Human fibrotic disorders affect many organ systems including heart, blood vessels, kidney, liver and lung. The most common fibrotic lung disease, idiopathic pulmonary fibrosis (IPF) is a disease of aging carries a high morbidity and mortality, with a median survival rate of less than three years. There are currently no U.S. FDA-approved anti-fibrotic drugs. The incidence and prevalence of IPF increase drastically with age; however, despite this strong association, cellular/molecular mechanisms that account for the aging predilection to fibrotic disease have not been elucidated. Recent studies from our laboratory indicate that the biological effects of the ROS-generating enzyme, NADPH oxidase-4 (Nox4) is determined by the capacity of myofibroblasts (MFbs) to maintain redox homeostasis via the induction of the antioxidant response transcription factor, nuclear factor-like 2 (Nrf2), a respons that is deficient with aging. Loss of this cellular homeostatic mechanism results in the emergence of a senescent and apoptosis-resistant phenotype of MFbs, at least in part related to mitochondrial dysfunction. Human subjects with IPF exhibit elevated expression of Nox4 and decreased Nrf2 expression in myofibroblastic foci, supporting this cellular redox imbalance in a human fibrotic disease. In contrast to self-limited, resolving fibrosis in young mice, aged mice manifest an impaired capacity for resolution of fibrosis. This represents, to our knowledge, the first aging model of fibrosis that recapitulates the non-resolving nature of human IPF. The central hypothesis to be tested in this project is that an imbalance of Nox4-Nrf2 induces sustained oxidative stress that induces MFb senescence and apoptosis resistance, leading to persistent fibrosis associated with aging.
Our specific aims are to: (1) Determine mechanisms for the (dys)regulation of Nrf2 expression/induction by oxidative stress with cellular senescence; (2) Determine the role of Nox4-Nrf2 imbalance and mitochondrial bioenergetics in promoting Fb senescence; and (3) Determine whether conditional genetic deletion of Nrf2 in Fbs mediates persistent fibrosis in young mice; and whether Nrf2 induction or Nox4 inhibition (by pharmacologic approaches) promotes fibrosis resolution in aged mice. This grant application is responsive to PA-10-014: Development and Characterization of Animal Models for Aging Research. The completion of the aims in this project will: (a) establish a disease-relevant animal model of non-resolving fibrosis; (b) define mechanisms for the loss of redox homeostatic control in MFbs; (c) establish mechanistic links between mitochondrial dysfunction and senescence; and (d) provide proof-of-concept that correction of cellular redox balance will promote fibrosis resolution and lead to the development of novel therapeutic approaches to non-resolving fibrotic disorders such as IPF.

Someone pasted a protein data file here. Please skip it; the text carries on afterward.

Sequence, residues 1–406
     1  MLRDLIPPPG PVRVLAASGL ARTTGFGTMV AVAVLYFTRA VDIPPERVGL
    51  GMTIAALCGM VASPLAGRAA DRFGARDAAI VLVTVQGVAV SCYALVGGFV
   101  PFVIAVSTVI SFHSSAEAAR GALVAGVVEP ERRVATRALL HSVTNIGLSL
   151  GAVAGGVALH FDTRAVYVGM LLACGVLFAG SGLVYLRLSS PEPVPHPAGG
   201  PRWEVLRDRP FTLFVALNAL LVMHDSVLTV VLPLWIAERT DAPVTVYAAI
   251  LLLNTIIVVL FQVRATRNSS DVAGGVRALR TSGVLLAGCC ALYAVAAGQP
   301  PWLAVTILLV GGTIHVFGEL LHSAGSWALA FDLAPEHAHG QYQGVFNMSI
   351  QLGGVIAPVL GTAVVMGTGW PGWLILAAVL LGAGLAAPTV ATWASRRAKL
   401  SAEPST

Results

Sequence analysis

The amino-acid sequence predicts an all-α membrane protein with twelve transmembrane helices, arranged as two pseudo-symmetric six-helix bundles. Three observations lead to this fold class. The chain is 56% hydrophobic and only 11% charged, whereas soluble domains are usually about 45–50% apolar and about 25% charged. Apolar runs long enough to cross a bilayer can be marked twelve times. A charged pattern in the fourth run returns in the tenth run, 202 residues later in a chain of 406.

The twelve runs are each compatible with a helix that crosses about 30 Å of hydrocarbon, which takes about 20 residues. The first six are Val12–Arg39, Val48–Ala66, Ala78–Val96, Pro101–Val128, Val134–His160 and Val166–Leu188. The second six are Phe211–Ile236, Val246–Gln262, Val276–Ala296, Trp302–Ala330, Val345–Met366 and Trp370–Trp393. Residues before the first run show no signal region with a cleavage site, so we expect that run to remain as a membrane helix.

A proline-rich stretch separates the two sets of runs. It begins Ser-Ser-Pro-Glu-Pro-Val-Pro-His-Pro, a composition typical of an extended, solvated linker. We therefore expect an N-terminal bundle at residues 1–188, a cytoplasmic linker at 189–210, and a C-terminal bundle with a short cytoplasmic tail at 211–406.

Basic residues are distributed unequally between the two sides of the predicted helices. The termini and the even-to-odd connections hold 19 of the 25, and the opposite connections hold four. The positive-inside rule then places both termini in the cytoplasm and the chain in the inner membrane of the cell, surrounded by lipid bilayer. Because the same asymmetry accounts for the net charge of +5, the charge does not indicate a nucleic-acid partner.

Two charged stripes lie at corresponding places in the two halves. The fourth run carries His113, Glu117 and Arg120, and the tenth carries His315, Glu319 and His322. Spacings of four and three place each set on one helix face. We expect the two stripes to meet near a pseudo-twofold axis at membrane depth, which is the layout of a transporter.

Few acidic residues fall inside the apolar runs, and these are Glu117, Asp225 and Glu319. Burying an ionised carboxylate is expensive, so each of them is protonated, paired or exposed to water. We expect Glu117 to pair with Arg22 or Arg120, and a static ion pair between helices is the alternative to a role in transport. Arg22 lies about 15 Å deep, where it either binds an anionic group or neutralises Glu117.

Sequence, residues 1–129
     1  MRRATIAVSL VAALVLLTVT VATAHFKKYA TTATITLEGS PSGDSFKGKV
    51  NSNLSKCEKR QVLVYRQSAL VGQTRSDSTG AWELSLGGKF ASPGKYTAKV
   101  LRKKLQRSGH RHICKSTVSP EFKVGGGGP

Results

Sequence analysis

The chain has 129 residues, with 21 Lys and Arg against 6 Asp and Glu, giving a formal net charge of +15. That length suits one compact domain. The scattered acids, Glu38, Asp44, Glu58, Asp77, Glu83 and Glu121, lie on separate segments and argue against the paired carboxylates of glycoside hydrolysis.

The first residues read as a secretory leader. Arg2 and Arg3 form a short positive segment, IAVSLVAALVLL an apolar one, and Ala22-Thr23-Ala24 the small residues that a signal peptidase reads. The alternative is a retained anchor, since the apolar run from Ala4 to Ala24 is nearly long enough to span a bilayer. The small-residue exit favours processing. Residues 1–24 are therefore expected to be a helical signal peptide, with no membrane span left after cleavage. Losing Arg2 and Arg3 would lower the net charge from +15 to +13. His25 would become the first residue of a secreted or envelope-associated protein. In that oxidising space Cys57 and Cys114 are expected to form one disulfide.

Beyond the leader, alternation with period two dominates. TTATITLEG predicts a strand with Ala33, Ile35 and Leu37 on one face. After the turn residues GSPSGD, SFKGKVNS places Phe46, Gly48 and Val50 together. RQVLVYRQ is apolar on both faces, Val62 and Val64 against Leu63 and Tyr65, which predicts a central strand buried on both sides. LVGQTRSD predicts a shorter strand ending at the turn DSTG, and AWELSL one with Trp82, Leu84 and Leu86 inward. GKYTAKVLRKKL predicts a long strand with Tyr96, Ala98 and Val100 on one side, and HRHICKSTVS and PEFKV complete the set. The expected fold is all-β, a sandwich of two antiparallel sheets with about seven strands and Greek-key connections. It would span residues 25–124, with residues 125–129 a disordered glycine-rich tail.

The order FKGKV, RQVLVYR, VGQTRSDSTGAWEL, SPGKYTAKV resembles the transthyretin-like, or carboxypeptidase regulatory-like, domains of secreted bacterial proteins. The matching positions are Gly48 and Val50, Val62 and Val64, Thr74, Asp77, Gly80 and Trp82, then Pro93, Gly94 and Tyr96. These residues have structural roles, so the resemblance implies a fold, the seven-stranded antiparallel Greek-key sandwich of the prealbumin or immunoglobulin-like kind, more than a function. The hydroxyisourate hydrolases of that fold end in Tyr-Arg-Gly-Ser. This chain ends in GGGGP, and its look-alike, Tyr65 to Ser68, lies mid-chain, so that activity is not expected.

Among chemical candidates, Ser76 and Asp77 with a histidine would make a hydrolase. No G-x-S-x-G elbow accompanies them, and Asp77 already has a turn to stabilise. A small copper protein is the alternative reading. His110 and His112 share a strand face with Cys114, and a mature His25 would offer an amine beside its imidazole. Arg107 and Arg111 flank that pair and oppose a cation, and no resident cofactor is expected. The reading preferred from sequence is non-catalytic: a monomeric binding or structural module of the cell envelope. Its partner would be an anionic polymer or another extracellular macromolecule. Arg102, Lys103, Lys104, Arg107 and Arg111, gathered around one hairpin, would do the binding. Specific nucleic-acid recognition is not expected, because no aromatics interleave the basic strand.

Public Health Relevance

Idiopathic pulmonary fibrosis is a lethal disease of the lung with no effective therapies. This project evaluates the efficacy of a novel therapeutic approach in an animal model of lung fibrosis that more closely resembles human IPF.

Agency
National Institute of Health (NIH)
Institute
National Institute on Aging (NIA)
Type
Research Project (R01)
Project #
5R01AG046210-04
Application #
9276576
Study Section
Lung Injury, Repair, and Remodeling Study Section (LIRR)
Program Officer
Fuldner, Rebecca A
Project Start
2014-09-01
Project End
2019-05-31
Budget Start
2017-07-01
Budget End
2018-05-31
Support Year
4
Fiscal Year
2017
Total Cost
Indirect Cost
Name
University of Alabama Birmingham
Department
Internal Medicine/Medicine
Type
Schools of Medicine
DUNS #
063690705
City
Birmingham
State
AL
Country
United States
Zip Code
35294
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